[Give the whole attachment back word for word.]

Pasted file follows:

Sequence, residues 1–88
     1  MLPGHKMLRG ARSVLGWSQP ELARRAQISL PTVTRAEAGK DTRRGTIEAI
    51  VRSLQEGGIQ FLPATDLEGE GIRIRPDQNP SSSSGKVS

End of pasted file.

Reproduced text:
Sequence, residues 1–88
     1  MLPGHKMLRG ARSVLGWSQP ELARRAQISL PTVTRAEAGK DTRRGTIEAI
    51  VRSLQEGGIQ FLPATDLEGE GIRIRPDQNP SSSSGKVS